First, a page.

Nevada City approves pot businesses | TheUnion.com

Nevada City approves pot businesses

Indoor medical marijuana cultivation will be permitted in Nevada City for growers who can obtain state lisences.
Submitted to The Union

Nevada City will now allow medical marijuana cultivation, distribution, transportation, manufacturing and testing laboratory businesses to operate within the city.

City council unanimously approved the “Other Cannabis Businesses and Activity Ordinance” Wednesday night, two months after it voted to allow a medical cannabis dispensary.

But prospective business owners looking to operate one of the services allowed by the ordinance said they may have a tough time obtaining permits.

The ordinance, which will go into effect after a 30-day, provisional period that began Wednesday, requires a business to be licensed by the state before the city can issue it a permit to operate.

“With so much change in regulations it is really hard to put something in writing now that isn’t going to be changed. But that is why ordinances can be amended and tweaked in the future. Overall, the city has been pretty fair and clear in their process and the ordinance reflects that.”— Maria Herrera,communications director of Nevada County Cannabis Alliance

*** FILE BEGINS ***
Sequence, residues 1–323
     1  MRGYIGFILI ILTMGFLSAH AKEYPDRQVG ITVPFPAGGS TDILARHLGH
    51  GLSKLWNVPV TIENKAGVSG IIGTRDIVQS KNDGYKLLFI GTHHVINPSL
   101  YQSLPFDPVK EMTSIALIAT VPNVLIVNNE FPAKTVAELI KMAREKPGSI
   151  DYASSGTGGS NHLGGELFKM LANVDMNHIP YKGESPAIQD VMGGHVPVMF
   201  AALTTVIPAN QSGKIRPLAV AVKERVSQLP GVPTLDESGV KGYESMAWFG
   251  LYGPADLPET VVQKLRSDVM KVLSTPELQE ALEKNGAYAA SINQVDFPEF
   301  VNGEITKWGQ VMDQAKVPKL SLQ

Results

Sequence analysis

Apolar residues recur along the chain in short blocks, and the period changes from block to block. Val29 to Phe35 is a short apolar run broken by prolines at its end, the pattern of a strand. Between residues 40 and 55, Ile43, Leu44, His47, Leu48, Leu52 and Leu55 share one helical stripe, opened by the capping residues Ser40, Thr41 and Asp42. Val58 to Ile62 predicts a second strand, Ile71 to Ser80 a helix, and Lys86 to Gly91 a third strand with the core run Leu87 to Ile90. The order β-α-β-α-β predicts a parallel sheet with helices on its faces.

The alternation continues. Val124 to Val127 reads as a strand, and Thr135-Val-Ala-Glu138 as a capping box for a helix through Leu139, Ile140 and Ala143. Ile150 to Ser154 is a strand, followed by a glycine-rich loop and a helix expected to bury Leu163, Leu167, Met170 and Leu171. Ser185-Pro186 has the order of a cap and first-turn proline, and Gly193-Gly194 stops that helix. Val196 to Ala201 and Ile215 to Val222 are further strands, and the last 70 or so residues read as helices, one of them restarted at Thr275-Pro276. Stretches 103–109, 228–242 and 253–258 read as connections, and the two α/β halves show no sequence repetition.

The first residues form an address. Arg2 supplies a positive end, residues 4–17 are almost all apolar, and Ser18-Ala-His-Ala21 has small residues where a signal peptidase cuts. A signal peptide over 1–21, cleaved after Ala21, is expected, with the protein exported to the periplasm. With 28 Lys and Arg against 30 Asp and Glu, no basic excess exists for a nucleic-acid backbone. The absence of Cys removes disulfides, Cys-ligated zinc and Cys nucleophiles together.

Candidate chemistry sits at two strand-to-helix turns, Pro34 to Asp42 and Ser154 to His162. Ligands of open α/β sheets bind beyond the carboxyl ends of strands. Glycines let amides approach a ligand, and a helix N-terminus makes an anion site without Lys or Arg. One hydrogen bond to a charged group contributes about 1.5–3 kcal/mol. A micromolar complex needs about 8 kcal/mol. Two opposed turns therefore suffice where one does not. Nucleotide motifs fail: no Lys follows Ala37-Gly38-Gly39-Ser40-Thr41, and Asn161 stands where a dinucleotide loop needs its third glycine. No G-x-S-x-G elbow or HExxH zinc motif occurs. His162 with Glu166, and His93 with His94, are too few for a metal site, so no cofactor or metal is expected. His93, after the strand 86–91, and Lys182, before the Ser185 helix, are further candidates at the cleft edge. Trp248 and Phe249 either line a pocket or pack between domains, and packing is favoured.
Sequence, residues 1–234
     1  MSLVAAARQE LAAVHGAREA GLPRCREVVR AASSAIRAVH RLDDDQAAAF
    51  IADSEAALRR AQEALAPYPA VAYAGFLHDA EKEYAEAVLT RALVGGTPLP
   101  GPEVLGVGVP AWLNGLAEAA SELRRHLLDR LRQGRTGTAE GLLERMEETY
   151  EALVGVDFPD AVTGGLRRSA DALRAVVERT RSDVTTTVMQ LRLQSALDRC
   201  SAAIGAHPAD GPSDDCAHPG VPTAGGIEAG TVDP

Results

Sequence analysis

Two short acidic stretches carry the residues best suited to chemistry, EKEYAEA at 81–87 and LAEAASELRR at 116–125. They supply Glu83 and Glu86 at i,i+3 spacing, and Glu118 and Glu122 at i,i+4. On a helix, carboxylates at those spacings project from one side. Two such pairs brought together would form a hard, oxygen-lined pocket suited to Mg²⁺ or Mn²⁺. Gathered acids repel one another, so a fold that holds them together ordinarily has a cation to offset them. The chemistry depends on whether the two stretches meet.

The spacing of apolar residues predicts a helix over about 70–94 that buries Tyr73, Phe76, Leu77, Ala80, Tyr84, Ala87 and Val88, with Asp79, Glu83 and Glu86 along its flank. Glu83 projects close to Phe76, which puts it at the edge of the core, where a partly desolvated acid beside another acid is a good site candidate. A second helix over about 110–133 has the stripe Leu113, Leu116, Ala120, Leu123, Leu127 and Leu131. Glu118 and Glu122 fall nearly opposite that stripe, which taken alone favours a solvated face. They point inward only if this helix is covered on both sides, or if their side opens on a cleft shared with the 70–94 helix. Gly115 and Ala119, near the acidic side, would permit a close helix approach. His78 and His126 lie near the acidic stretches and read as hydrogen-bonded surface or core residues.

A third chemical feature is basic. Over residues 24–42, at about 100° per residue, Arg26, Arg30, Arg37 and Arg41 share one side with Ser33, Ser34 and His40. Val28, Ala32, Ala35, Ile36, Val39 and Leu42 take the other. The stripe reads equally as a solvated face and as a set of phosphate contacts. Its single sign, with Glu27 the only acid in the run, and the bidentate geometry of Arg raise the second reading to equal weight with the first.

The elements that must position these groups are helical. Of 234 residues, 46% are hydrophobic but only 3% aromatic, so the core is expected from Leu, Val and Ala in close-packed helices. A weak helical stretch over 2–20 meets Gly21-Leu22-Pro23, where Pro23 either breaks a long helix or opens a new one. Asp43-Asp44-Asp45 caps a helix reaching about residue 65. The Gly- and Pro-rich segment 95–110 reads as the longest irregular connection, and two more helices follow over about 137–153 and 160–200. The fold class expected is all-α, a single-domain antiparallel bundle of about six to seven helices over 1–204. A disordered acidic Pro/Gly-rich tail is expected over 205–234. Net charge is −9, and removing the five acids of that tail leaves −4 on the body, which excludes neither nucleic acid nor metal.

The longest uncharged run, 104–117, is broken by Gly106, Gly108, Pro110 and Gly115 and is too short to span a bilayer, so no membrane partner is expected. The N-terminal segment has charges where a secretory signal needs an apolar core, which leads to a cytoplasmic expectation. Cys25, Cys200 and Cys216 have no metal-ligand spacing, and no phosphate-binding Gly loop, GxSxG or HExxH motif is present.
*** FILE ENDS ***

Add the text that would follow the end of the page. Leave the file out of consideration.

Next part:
The state will begin issuing licenses on Jan. 1, but some say there will be such a high volume of applications that the process could take months — or even years. Harry Bennett, a Nevada County resident, said according to the new state regulations laid out by the Medicinal and Adult-Use Cannabis Regulation and Safety Act, the state will give priority to businesses that already have a local permit during the application process.

“If you don’t have an ‘okay’ from a city before Jan. 1, you’re going to have to get in line,” he said. “And who knows? It’s going to be a gold rush.”

Many echoed Bennett’s concern.

“We can’t approve it without a state license, and they can’t get a state license unless they have approval from us?” asked Mayor Evans Phelps.

City council members discussed the prospect of amending their ordinance to allow local permits to be issued before state licenses are available in 2018. Most agreed that the state regulations, which are constantly changing, are making for a confusing process.

“With so much change in regulations it is really hard to put something in writing now that isn’t going to be changed. But that is why ordinances can be amended and tweaked in the future. Overall, the city has been pretty fair and clear in their process and the ordinance reflects that,” said Maria Herrera, communications director for the Nevada County Cannabis Alliance, in an email.

The council voted to approve the ordinance and agreed to discuss ways of tweaking it to address the public’s concerns about timing.

To contact Staff Writer Matthew Pera, email mpera@theunion.com or call 530-477-4231.


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